Despite raging security concerns--rightly or wrongly--with keeping sensitive data in the cloud, the 2015 Vormetric Insider Threat Report (ITR) finds 60 percent of U.S. IT decision makers store it there anyway. 46 percent say that behavior is a top risk for data breaches.
AWS made data from over 85,000 Landsat 8 scenes publicly available last week. Landsat is globally considered the "gold standard of natural resource satellite imagery." In short, it is the climate change deniers' worst nightmare because the data is what it is and completely impervious to political whim and industries' wishful thinking.
A new Frost & Sullivan report says that emerging IT technologies are essential to the fast development of frugal innovative models necessary to remaining competitive in the current market.
Much is said (and written) about how AI is used to analyze human behavior. Its role in producing data and teaching human behavior is often lost in the shadows. Today we'll look at one example of how AI is teaching behaviors rather than simply analyzing them and as a result stands poised to produce data on humans too.
Splunk hopes to make log search and analysis--in other words machine data--more accessible and more affordable for SBMs and individuals. Pricing starts at $75 a month but you have to pay it in a lump annual sum. You can try it out on the free version though.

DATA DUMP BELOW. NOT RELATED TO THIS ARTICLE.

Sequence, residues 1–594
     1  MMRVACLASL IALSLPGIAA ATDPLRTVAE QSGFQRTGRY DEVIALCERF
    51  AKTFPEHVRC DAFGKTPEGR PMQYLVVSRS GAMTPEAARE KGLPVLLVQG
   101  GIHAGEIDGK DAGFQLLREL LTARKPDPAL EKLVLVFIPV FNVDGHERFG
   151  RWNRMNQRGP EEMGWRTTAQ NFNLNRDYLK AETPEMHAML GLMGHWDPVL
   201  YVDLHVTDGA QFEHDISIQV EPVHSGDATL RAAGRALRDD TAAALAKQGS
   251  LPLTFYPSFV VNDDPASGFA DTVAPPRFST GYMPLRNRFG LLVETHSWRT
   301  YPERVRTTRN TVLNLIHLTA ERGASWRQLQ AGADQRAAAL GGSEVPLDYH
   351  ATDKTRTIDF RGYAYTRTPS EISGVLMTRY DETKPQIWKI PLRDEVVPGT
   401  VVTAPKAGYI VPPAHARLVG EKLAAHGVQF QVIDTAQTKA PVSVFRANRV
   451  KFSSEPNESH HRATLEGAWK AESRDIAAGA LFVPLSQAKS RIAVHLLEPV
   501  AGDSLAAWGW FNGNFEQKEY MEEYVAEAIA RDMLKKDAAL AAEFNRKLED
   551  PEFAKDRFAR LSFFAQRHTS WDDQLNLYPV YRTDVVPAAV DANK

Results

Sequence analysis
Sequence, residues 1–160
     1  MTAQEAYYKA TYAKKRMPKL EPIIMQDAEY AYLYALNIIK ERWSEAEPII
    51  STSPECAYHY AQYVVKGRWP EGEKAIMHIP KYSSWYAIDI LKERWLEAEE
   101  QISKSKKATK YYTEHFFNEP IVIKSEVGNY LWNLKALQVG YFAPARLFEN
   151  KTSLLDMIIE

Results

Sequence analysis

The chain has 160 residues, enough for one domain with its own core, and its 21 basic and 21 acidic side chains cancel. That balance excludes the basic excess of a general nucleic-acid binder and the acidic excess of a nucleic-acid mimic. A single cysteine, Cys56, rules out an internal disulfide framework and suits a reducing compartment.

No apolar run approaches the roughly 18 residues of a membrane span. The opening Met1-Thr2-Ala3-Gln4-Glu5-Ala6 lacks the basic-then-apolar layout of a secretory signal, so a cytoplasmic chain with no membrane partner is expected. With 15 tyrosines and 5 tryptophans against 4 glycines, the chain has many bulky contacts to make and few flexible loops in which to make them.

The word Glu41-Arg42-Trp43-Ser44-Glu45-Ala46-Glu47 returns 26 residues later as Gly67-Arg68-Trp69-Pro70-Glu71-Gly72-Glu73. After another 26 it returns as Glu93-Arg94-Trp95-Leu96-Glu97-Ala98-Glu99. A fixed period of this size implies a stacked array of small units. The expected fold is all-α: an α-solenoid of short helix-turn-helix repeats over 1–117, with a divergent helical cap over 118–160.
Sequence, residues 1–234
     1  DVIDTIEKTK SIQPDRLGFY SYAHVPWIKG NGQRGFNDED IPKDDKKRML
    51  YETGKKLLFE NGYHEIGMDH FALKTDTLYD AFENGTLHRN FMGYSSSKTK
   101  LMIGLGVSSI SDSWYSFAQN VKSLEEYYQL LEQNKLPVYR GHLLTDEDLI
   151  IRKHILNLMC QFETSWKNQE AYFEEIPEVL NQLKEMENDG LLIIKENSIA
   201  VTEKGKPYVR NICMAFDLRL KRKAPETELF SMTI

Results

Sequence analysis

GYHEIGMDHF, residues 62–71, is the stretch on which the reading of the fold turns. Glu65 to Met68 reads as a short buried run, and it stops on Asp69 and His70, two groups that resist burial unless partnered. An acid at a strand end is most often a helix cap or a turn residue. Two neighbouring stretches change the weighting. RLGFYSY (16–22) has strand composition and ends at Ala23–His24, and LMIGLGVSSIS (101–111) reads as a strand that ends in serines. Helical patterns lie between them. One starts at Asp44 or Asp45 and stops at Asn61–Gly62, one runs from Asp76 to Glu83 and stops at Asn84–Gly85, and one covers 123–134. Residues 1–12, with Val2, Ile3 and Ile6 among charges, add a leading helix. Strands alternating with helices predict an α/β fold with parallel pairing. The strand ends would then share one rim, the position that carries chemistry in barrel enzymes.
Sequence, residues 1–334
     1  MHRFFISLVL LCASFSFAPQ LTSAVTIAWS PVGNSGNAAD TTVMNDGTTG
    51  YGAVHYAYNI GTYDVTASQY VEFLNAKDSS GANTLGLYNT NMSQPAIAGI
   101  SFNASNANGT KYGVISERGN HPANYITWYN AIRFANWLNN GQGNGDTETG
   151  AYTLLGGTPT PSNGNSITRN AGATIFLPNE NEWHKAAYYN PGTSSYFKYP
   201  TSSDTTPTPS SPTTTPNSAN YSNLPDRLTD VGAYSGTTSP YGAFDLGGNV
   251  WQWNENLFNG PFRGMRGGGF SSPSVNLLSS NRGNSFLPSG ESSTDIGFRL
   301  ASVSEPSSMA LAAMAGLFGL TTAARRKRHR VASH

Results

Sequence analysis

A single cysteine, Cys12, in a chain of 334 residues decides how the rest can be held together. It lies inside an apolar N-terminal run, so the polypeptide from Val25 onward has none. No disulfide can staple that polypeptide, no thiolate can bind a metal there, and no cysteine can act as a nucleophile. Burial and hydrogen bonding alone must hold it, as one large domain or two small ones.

Apple Watch looks cool--anything Apple makes always does. But its introduction yesterday failed to clearly define its use in personal or business terms. Without a clearly defined purpose unique to the Apple Watch and separate but complementary to other devices, it's hard to imagine a reason to buy it--or to track data from it.
Oculus CTO John Carmack said at the Game Developers Conference last week that the Samsung Gear VR headset will go "full consumer" by the end of this year. And he pointed out that it will have more applications than just gaming.
Big data can and will be used by consumers increasingly in their buying decisions, much to retailers' chagrin. The latest example of that is OpenLabel, an app that reads product barcodes and converts them into crowdsourced digital labels.
The newly released repository democratizes access to "thousands of dollars (and growing) worth of rich datasets" that CrowdFlower says "have been fully cleaned, organized and deduped" by its very human community. The datasets are provided by CrowdFlower customers who share data through the Data for Everyone Library.
The Collaborative Economy, particularly the sharing economy leg of it, is likely to generate as much or more data as the Internet of Things. And it continues to erode traditional business models.